The Israelites were coming home after a 50 or 60 year exile in Babylon. The bad guys had sacked the city of Jerusalem, and the people who weren’t killed were rounded up and herded off to Babylon where they lived as slaves or second class citizens for three generations. Now, with Cyrus, the new King taking over, they were released and allowed to go back home to Jerusalem.
But the city was still in ruins. Three generations later, the people who were left probably didn’t even recognize anyone anymore. They all had to start their lives over again, and they were refugees. Later, in the fifth century, Nehemiah, (the governor who helped rebuild Jerusalem, and who wrote the book of Nehemiah) reported that farming families had to borrow money and grain to pay their taxes, and some had to sell their children into slavery to pay their debts. (Nehemiah 5:1-12).
What would it feel like then, to hear these words? “Hey, everyone who thirsts, come!..., you that have no money, come eat. Come, have wine and milk for free! This is how God will take care of you, this is what your life could be like! This is what God wants for you! This is what God is like!”
In contrast to that is the story from Luke. After another tragedy, when Pilate had apparently killed Jesus’ countrymen in the Temple, so that their blood mingled with the blood of animal sacrifices, Jesus’ friends made sure he knew about it. ‘Look what Pilate did! Look what Rome did to us now, and to make it worse, it was in church! ‘
Jesus’ friends wanted to place the blame and stir up trouble. Did you see how they killed them? Right in the temple! And they were probably doing something that made it their fault. That kind of blaming still continues. Muslims. Jews. Blacks. The list goes on. Blaming victims of terrible crimes, and of course blaming the perpetrators who did it. Fan the flames of blame, hatred, suspicion, profiling, righteous indignation, and violence.
And rather than feed the frenzy of hatred, Jesus turned it backwards. ‘Do you think these poor Galileans were any worse than anyone else? Or that others who are killed in terrible tragedies did something to deserve it? No, but watch the amount of time you have left! Do what you need to do, because no one knows how much time they have left.’
And then he told them the story of the fig tree. The owner was blaming it because it hadn’t done anything good in three years. The owner said, “Dig it up and kill it off, it deserves to die.” But, the gardener said, “Let me try again. I’ll give it extra care, and let’s see if I can coax it back to life.” He doesn’t want to find fault, he or she just wants to save it. Even though it is almost dead, the gardener wants to give it another shot. God is the head-gardener! Even when everything looks bad, God doesn’t give up. God sees the little life that is still left, and God wants to give it extra care, so that it can come back all the way.
God is calling everyone who is poor, dried out, hungry, giving up, and almost dead. “I will give you what you need, and more! I give it generously, abundantly, and all of it is free!” God wants to bring back the almost-dead.
Then to the others who want to blame them, Jesus says, ‘Look to yourselves and the time You have left, and what You need to do. Repent!’ ‘Repent’ literally means, “Turn around. “Focus on what’s important.”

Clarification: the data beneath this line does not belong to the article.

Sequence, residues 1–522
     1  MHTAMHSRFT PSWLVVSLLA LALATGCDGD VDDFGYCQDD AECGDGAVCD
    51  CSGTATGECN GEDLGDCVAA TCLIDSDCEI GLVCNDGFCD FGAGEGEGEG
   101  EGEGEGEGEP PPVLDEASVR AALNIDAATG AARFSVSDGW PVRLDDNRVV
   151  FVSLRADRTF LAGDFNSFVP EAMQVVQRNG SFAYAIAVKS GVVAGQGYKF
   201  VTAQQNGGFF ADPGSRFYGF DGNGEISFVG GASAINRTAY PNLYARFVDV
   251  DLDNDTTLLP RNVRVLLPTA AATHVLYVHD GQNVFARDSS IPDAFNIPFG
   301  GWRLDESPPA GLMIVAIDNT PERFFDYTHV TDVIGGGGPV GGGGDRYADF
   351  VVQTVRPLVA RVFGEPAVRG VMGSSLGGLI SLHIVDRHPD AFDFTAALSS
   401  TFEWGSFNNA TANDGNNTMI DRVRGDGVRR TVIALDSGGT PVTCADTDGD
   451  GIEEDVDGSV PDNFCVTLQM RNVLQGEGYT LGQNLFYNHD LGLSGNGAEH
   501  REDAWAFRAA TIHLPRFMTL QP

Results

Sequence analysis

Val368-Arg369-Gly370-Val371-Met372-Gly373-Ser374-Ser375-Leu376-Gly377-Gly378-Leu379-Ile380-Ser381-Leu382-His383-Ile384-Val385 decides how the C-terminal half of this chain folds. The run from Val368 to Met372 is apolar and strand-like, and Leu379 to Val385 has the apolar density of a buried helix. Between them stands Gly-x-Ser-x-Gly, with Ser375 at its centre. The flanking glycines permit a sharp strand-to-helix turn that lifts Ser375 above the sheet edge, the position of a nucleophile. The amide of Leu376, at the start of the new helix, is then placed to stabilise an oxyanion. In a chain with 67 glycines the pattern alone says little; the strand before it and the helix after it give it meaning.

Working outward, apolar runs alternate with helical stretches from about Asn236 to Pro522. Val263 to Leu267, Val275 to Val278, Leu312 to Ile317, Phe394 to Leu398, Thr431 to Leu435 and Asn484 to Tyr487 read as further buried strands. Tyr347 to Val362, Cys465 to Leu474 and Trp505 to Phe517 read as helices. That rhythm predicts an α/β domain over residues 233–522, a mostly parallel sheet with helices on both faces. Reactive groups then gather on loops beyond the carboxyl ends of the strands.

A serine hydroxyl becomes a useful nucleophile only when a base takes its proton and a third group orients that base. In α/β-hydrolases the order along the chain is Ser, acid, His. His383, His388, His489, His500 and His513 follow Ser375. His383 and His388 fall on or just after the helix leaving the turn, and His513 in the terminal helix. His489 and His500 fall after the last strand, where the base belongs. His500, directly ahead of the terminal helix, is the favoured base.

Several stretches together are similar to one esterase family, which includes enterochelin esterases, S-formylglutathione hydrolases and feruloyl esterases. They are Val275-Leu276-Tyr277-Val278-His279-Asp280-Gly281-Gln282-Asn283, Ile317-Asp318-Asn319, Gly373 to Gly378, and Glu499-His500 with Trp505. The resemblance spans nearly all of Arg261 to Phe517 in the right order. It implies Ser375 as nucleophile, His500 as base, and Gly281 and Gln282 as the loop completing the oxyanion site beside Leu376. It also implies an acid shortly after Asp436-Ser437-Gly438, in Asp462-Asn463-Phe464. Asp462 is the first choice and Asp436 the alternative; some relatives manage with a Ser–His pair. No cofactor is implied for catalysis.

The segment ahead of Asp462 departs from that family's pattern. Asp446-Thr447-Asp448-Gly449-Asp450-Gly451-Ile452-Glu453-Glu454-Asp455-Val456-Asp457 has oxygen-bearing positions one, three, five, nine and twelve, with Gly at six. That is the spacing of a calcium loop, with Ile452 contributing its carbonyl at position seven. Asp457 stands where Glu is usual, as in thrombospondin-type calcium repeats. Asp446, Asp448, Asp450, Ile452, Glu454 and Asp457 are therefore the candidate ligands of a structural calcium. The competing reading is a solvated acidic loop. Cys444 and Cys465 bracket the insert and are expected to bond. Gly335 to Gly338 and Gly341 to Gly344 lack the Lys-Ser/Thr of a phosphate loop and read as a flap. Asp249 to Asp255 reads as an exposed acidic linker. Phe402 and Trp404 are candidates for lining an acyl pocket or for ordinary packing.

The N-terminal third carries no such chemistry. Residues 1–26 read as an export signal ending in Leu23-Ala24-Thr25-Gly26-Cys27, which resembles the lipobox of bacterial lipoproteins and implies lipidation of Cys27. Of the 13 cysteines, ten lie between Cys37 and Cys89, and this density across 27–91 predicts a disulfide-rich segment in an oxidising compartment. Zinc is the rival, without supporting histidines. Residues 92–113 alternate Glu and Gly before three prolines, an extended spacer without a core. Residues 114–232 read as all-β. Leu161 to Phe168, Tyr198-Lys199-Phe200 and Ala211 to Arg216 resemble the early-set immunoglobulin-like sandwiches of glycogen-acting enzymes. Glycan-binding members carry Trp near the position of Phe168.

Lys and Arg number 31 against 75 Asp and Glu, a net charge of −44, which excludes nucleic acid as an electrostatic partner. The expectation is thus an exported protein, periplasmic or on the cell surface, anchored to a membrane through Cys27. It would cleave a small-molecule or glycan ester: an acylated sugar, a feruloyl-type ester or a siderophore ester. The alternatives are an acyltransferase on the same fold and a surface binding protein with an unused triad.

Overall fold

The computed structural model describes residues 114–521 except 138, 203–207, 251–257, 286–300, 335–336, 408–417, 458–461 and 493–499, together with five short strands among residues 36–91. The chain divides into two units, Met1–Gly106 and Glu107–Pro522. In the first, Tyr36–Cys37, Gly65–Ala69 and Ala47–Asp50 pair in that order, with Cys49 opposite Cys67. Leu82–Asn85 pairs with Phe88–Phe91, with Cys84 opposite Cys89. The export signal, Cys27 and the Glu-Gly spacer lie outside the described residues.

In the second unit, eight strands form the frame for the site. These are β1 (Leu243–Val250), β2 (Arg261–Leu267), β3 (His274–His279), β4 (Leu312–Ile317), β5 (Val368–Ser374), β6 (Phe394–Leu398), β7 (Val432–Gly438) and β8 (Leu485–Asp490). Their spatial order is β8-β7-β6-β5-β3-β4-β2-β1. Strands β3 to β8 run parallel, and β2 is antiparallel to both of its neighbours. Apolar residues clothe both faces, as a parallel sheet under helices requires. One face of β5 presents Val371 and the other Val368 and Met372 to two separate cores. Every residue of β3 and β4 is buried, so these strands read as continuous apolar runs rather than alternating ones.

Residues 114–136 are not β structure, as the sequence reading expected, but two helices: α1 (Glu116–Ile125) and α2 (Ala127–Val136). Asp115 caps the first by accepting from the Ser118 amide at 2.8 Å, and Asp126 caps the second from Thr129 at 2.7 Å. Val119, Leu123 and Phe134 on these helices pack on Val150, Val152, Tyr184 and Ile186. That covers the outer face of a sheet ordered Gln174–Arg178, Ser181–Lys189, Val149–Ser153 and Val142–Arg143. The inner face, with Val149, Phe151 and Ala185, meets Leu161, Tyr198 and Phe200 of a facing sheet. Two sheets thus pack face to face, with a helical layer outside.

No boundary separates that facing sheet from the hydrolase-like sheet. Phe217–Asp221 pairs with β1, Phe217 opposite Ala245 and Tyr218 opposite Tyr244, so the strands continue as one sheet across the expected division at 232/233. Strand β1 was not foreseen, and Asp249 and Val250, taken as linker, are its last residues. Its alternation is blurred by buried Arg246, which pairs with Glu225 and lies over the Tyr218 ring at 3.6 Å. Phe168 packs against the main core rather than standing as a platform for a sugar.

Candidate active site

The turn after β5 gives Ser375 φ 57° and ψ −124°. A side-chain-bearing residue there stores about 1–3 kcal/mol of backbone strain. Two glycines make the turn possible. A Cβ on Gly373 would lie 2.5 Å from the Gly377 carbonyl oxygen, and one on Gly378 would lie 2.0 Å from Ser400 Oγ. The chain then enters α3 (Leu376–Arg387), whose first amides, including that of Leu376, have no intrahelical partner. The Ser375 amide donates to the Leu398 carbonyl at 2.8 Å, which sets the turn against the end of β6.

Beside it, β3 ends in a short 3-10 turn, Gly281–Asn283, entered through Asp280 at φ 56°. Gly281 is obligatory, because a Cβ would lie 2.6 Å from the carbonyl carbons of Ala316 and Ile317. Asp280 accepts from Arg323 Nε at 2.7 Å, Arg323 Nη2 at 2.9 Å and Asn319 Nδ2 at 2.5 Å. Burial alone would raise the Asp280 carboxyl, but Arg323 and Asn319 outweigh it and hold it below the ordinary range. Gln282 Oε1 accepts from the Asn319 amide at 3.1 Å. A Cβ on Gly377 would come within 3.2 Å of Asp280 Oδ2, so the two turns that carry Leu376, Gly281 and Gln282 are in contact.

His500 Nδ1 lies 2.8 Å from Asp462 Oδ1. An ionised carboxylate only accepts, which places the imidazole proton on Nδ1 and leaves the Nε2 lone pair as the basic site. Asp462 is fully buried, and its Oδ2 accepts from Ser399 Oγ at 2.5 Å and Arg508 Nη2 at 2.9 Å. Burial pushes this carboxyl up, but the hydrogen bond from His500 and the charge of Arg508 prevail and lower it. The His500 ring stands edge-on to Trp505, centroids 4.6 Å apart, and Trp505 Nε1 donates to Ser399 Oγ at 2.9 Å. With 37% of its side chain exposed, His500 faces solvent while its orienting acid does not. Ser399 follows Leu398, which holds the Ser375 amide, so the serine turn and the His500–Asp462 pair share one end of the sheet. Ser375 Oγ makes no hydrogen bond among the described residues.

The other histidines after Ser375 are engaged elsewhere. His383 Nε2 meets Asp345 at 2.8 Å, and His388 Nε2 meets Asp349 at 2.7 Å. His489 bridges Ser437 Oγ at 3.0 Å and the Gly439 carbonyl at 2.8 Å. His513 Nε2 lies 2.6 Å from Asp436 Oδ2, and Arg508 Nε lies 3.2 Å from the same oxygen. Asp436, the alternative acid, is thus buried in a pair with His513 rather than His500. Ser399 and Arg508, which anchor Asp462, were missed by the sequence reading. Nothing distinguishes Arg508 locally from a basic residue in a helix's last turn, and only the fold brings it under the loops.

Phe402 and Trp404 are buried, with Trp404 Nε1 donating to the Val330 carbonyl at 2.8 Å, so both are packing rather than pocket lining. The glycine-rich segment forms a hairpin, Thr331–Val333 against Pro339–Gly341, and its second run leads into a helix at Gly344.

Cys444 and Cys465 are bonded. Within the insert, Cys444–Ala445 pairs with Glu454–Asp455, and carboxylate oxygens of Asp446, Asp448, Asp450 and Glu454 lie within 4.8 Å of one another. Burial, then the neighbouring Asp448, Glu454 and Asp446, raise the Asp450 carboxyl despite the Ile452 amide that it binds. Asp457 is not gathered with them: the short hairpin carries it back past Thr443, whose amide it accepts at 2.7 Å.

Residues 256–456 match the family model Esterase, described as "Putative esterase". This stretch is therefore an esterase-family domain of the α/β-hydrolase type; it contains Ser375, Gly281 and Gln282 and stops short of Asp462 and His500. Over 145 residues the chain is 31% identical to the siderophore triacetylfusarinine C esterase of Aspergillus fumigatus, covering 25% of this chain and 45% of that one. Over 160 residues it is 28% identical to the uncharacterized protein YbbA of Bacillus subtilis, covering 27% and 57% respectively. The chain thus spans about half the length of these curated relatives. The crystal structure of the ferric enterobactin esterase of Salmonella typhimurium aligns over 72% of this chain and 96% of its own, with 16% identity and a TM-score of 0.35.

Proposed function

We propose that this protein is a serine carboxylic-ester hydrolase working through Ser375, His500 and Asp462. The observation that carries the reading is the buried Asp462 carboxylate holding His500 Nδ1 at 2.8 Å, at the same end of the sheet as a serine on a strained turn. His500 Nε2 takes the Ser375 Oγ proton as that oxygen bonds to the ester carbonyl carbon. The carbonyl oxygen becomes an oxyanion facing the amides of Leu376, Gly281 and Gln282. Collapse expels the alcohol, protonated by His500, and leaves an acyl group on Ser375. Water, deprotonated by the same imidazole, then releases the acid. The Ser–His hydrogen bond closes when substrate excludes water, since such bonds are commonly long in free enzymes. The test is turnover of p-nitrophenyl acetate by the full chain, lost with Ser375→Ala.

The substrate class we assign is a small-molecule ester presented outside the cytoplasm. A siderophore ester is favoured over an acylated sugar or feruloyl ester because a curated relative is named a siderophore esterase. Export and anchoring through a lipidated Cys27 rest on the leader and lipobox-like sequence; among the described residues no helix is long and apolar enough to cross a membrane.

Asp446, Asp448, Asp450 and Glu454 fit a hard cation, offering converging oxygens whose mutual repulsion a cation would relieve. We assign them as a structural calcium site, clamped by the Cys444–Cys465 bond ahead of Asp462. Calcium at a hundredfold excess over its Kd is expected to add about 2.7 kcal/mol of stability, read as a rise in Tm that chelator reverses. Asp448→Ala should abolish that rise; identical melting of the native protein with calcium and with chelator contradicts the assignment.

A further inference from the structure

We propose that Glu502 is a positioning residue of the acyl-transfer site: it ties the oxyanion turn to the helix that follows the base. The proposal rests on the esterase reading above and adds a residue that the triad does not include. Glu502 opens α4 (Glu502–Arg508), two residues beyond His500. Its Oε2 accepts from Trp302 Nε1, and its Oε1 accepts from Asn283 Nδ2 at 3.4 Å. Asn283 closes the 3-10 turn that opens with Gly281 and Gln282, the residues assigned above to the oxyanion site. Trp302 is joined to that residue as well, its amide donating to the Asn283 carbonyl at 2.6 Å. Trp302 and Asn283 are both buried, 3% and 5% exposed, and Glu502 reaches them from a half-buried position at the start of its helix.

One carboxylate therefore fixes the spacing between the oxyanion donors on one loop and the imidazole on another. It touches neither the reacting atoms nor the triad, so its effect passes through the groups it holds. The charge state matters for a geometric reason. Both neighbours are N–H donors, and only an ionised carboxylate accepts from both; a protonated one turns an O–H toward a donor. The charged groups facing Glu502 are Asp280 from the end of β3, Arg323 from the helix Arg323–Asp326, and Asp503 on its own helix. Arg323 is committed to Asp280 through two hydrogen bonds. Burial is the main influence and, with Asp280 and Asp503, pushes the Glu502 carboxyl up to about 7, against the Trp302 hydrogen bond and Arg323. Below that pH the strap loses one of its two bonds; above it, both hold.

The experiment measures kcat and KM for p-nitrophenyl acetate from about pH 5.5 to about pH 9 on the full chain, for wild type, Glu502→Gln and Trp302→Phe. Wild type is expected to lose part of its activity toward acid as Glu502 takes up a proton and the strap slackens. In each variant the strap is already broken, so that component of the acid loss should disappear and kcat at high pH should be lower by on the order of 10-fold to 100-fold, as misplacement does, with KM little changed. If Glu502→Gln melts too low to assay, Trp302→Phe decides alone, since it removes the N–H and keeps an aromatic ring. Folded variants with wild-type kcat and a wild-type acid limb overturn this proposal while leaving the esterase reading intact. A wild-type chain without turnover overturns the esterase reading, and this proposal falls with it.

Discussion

I was at a funeral for a friend’s sister this week. Janet. She was a very ordinary person, with short straight grey hair and a big gap between her two front teeth. But she greeted everyone and made sure they knew she was glad to see them. She made everyone feel welcome. The last year or so, she lived in a nursing home and everyone knew her because she greeted them in the hallway with big gap-toothed smile and joy. I officiated at a wedding for my friend’s son this summer and I probably hadn’t seen Janet in 10 or 15 years. She called to me from her wheelchair, “Kathy! How you doing?” She and her buddies started a group of older people having adventures. They called themselves ‘Aging and Dangerous.” Every morning she and her mother drank Bloody Marys after church. A few years ago, her mother died, so she and her friend drank Bloody Marys after church. Then the friend died, so Janet just enjoyed them by herself. She loved life.
That’s what God does. God is the one who says, “Come in, I’m glad to see you, have some food, - help yourself!” God is not the one who blames, looks at people with burning anger, or tries to find fault with everyone.
God is the party, not the judgement.
To these Israelites, returning home to Jerusalem after 50 years of exile, God was the God of welcome, of good food and drink in times of poverty, of forgiveness for all debts. God was the homecoming. God was the relaxation after 50 years in a foreign land, God was the party.
For Jesus, God isn’t the one who condemns the victims or perpetrators, God is the one who takes the no-good tree that is just taking up space and saves it. God wants to care for it more kindly and generously, and give it another chance.
Janet was like that. We can be like that. We can be the welcome, the homecoming. We can be the sanctuary.. When others are blamed and judged, hurt and tired, we can be their place of rest. We can be the ones who offer safety and tender kindness. We rarely need to be ones that stand in judgement. Usually, we get to be the place of safety. Like God, we can be comfort. We can be the party. Amen.